EU summit ends without budget deal

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BRUSSELS — A summit of the European Union’s 27 national leaders, charged with agreeing on a long-term budget for the bloc, broke up Friday afternoon without being able to reach a deal.

Coming just days after the 17 eurogroup finance ministers failed again to agree on the conditions for releasing badly needed bailout money for Greece, the failure of the two-day summit raises questions about how the bloc makes important decisions. In most cases, unanimity is required, meaning each country wields veto power.

The EU’s top officials, who put in long hours trying to soften up the national leaders individually before putting them together in the same room, tried to put a brave face on the deadlock.

European Council Presi­dent Herman Van Rompuy, who presides over the summits, said the “constructive discussions” meant an agreement could be reached early next year. He said the national leaders had instructed him and European Com­mission President Jose Manuel Barroso to continue working toward consensus over the coming weeks.

Barroso called the talks constructive but added, “We are not yet at the point of reaching consensus.”

EU leaders were charged with agreeing on a long-term spending plan of about
1 trillion euros ($1.25 trillion) for the 27-country bloc. Some countries wanted the budget to rise, while others insisted it had to fall.

Van Rompuy tried to thread the needle. He proposed a budget with some cuts, but in a post-summit news conference, he offered a nod to those who believe greater spending is essential to spur growth in countries hit by recession.

“Growth in one country benefits all,” he said.

British Prime Minister Da­vid Cameron, the most vocal proponent of holding the line on EU spending, said he had found “strong allies” in the Dutch and Swedish leaders. It appeared some countries took pains to ensure Britain – a country some fear could withdraw from the EU – did not find itself isolated.

Dutch Prime Minister Mark Rutte stressed that it was important that Britain “remain engaged” with Eu­rope “because Britain is important to the EU as a whole.”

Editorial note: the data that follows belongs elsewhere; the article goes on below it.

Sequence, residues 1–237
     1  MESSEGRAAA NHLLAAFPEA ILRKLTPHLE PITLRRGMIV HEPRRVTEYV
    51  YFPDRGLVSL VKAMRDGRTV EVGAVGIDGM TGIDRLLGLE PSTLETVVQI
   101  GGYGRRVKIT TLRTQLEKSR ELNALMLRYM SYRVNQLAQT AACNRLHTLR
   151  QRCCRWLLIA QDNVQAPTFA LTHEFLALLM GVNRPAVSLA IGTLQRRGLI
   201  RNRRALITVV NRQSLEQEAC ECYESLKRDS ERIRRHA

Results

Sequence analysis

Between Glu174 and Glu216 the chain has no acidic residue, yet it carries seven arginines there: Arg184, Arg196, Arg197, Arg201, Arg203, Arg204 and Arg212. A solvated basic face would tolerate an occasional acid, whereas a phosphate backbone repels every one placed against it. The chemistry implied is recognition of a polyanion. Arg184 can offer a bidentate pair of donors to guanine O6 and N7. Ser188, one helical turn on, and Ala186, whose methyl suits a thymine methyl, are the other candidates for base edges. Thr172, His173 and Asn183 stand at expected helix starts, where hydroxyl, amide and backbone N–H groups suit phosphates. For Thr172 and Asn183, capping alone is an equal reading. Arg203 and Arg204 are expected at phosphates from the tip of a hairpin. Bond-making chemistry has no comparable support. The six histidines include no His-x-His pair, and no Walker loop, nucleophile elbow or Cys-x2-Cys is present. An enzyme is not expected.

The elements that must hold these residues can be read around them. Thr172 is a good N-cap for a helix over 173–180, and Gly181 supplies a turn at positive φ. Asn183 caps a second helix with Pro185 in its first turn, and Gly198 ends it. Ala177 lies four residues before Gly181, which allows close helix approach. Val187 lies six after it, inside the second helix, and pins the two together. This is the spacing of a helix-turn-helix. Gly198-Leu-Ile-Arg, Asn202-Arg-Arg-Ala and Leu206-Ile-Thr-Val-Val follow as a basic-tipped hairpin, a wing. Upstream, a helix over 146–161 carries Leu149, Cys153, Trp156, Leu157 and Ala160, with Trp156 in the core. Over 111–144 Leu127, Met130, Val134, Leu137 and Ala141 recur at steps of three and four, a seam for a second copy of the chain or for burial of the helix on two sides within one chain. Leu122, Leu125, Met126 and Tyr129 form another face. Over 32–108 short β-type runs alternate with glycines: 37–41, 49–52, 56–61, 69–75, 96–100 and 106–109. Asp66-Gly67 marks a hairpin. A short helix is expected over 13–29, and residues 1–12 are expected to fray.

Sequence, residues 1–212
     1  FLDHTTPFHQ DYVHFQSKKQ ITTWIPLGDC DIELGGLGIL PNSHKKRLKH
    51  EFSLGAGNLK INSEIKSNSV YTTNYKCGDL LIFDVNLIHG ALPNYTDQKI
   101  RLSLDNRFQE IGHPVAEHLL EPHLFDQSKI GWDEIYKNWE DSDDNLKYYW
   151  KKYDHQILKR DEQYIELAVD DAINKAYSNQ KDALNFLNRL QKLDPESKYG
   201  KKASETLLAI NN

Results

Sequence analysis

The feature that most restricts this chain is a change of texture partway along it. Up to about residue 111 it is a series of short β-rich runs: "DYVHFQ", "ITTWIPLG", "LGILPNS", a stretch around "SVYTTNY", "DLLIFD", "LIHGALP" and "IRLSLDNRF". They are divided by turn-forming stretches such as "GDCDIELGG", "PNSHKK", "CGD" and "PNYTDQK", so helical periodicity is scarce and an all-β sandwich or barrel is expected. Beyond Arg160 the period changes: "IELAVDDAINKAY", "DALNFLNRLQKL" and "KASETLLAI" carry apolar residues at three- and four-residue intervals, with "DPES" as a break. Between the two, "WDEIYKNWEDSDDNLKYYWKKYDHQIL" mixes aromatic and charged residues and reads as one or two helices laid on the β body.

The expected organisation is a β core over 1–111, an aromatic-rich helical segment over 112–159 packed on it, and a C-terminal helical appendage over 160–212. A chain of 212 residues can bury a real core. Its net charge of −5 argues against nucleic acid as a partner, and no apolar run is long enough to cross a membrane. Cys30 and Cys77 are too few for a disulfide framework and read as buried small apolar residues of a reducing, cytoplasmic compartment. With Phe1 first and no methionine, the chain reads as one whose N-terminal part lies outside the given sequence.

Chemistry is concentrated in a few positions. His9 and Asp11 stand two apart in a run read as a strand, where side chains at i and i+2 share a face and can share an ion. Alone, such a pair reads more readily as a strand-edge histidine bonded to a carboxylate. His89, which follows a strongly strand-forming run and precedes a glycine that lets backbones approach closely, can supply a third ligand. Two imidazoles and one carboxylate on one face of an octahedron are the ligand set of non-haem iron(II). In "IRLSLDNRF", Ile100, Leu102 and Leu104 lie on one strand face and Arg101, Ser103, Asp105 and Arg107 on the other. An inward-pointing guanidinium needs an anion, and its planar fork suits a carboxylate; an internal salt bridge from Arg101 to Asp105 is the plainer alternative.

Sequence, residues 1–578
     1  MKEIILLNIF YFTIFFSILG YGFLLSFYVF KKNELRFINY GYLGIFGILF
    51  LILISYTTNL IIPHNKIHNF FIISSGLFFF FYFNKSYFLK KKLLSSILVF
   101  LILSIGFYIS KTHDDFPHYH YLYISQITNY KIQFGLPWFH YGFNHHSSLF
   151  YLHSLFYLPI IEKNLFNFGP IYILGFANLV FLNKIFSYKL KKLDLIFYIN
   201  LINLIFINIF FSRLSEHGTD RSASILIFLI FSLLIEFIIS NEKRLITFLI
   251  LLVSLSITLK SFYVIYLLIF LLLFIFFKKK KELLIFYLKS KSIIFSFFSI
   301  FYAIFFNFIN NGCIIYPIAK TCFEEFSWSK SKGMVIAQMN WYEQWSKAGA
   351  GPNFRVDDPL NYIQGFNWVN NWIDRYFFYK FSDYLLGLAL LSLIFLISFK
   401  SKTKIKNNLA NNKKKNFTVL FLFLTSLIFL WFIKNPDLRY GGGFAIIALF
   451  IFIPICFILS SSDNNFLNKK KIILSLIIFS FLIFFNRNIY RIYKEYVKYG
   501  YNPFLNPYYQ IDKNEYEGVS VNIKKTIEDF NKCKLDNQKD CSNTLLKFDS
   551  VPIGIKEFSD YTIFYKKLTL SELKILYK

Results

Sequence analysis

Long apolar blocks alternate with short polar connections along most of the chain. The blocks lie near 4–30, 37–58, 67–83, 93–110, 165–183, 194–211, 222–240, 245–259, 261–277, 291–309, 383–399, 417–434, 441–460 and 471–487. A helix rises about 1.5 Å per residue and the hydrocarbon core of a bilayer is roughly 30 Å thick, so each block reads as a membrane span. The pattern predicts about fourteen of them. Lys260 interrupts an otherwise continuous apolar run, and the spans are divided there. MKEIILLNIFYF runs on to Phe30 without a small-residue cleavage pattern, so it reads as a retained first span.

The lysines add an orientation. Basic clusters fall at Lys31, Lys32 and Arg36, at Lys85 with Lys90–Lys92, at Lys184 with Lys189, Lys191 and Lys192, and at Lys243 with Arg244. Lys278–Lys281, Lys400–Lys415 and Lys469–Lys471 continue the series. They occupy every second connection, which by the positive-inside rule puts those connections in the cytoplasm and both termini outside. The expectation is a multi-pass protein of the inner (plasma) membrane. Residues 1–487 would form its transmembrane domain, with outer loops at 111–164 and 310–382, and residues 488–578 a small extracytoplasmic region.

Cameron remained firm.

“The deal on the table from the EU president was just not good enough,” Cam­eron said. “We haven’t got the deal we wanted, but we’ve stopped what would have been an unacceptable deal. And in European terms I think that goes down as progress.”

The EU budget funds primarily programs to help farming and spur growth in the bloc’s less developed countries. In financial terms, the budget amounts to only about 1 percent of the EU’s gross domestic product, but carries great political significance as it lays bare the balance of power between the bloc’s members.

The bloc found itself divided, notably between richer countries that wanted to contain their contributions to the common budget at a time of economic malaise, and poorer ones that rely on EU money for development aid and economic investment.

While Cameron and some other leaders demanded restraint, French President Francois Hollande wanted the budget to keep paying subsidies for farming and development programs. A number of poorer nations, which are net recipients of EU budget money, argued that a robust budget was good for all countries.

A revised proposal given to the leaders late Thursday by Van Rompuy did little to appease either side. It kept the same total of 972 billion euros ($1.25 trillion) in states’ commitments as his first proposal – 21 billion euros less than the 2007-13 budget – but it shifted some money away from investment projects toward aid for farming and development.

Hollande said Van Rompuy’s proposal was reasonable. “We want a consistent budget that funds EU policies,” Hollande said.

Further cuts, the French president said, would not be welcome.

German Chancellor Angela Merkel said the strong differences of opinion were no cause for alarm – and she wasn’t taking sides in the argument between those who want more spending and those who want less.

“We should be able to bridge those differences,” she said. “We have a reached a good basis to continue our work.”

“Our bilateral talks showed there is sufficient ground to reach agreement,” she said.

There is no set deadline for a deal, but the closer it gets to 2014, the tougher it will be for a smooth introduction of new programs. If there is no deal up to 2014, there would be a rollover of the 2013 budget plus a 2 percent increase accounting for inflation.


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